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Revisiting The Neighborhood Unit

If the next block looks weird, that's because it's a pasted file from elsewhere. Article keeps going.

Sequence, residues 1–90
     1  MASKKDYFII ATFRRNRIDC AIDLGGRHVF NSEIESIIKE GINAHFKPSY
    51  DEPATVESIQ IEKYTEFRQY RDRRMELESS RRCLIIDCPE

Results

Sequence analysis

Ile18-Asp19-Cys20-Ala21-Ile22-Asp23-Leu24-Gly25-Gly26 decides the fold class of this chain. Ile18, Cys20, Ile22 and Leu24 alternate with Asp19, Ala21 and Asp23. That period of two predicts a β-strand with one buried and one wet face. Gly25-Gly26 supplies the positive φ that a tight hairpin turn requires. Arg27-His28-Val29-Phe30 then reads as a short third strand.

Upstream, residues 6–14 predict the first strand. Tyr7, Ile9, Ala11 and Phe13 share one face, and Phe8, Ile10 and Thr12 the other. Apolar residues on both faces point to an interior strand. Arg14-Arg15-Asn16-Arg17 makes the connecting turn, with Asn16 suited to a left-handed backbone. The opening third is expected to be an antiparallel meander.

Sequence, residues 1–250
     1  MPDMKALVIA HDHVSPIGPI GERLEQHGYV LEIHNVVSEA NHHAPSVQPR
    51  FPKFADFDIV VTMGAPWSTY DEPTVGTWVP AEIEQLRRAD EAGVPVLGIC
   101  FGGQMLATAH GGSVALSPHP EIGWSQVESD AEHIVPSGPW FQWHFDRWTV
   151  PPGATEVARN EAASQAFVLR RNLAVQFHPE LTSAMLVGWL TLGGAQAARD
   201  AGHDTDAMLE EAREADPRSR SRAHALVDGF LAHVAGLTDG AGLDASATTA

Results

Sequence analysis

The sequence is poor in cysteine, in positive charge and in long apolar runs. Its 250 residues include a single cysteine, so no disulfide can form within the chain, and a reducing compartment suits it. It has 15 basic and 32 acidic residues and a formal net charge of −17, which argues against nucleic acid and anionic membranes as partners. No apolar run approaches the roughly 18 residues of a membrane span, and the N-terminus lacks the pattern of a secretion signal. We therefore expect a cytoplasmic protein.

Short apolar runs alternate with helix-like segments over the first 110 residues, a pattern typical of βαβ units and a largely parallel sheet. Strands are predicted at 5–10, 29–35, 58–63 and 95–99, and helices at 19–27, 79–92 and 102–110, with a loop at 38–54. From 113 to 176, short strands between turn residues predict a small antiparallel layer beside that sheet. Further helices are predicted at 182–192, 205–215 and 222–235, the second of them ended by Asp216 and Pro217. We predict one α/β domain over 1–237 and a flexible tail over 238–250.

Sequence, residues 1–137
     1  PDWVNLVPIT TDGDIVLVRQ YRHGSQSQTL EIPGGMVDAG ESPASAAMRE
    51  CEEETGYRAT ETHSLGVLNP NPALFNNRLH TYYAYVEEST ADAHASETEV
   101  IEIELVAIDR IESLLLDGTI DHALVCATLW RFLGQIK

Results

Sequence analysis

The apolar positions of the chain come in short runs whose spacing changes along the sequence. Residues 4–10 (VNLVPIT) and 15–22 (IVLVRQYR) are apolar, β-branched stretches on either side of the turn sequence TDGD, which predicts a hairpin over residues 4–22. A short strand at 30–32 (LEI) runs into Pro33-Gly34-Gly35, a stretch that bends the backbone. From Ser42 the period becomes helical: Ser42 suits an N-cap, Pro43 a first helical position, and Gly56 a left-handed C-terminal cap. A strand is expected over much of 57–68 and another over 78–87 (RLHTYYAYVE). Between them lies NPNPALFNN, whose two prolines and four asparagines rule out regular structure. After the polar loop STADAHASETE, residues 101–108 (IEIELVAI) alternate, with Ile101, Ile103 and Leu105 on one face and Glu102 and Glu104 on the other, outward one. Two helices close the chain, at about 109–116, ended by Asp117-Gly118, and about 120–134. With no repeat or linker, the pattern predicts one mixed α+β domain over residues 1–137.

Lewis Mumford (1954) described the neighborhood as a natural phenomenon. He cited the development of New York neighborhoods like Chelsea and Greenwich Village despite "the undifferentiated rectangular plan of Manhattan, a plan contrived as if for the purpose of preventing neighborhoods from coming into existence." Like Suzanne Keller (1968), he argued that one's neighbor is someone who lives nearby. (Both Mumford and Keller emphasized the variety and intensity of relationships between neighbors as a significant element in defining the neighborhood - Mumford's "neighborliness" and Keller's "neighboring" or "neighbor role.") Mumford contrasted the naturalness of the neighborhood with the planned neighborhood unit : a unit that would now exist, not merely on a spontaneous or instinctual basis, but through the deliberate decentralisation of institutions that had, in their over-centralisation, ceased to serve efficiently the city as a whole. This "neighborhood unit" concept developed by Clarence Perry in 1929 and detailed in the Regional Plan for New York of 1929 has been an organizing principle for the redevelopment of urban areas and the development of the suburbs. The unit has also been applied outside the U.S. Writing about the 1948 Nairobi Plan, Donald Freeman (1991) noted that Bahati, Ofafa, and Mbotela, among other neighborhoods of Nairobi were designed according to the neighborhood unit concept. These neighborhoods were designed "to house about seven thousand people, and each unit with its own school, dispensary, playing field, and beer hall." However, by 19171, the concept had been drastically altered. In some neighborhoods, like Pumwani, the population had risen to 30,000 people, a density of 153 people per acre. The neighborhood unit has also been used in the former USSR, at least a neighborhood unit was proposed for the town of Angarsk. According to A. I. Tarantul (1962), the unit would be 68 acres, with a population of 6000 (or 90 people per acre), a school for 920 children, and a footpath network connecting the residential area to the school (similar to Radburn, NJ). Like proponents before and after him, Tarantul asserted, the concentration of the service buildings in the community centre of the neighbourhood unit creates conditions for intercourse and contact between the inhabitants, and assists the fostering of the collective spirit which is the characteristic mark of our society. Previous posts in The Neighborhood series Ode to the neighbor(hood) (October 9) A city of neighborhoods (September 11) Why do fences make good neighbors? (July 30) What types of institutions make a neighborhood? (June 20) Jane Jacobs' neighborhood (June 17) Nora Ephron on "the sense of neighborhood" (June 16) The Neighborhood Unit (April 9) Neighbor, neighboring (February 2, 2006)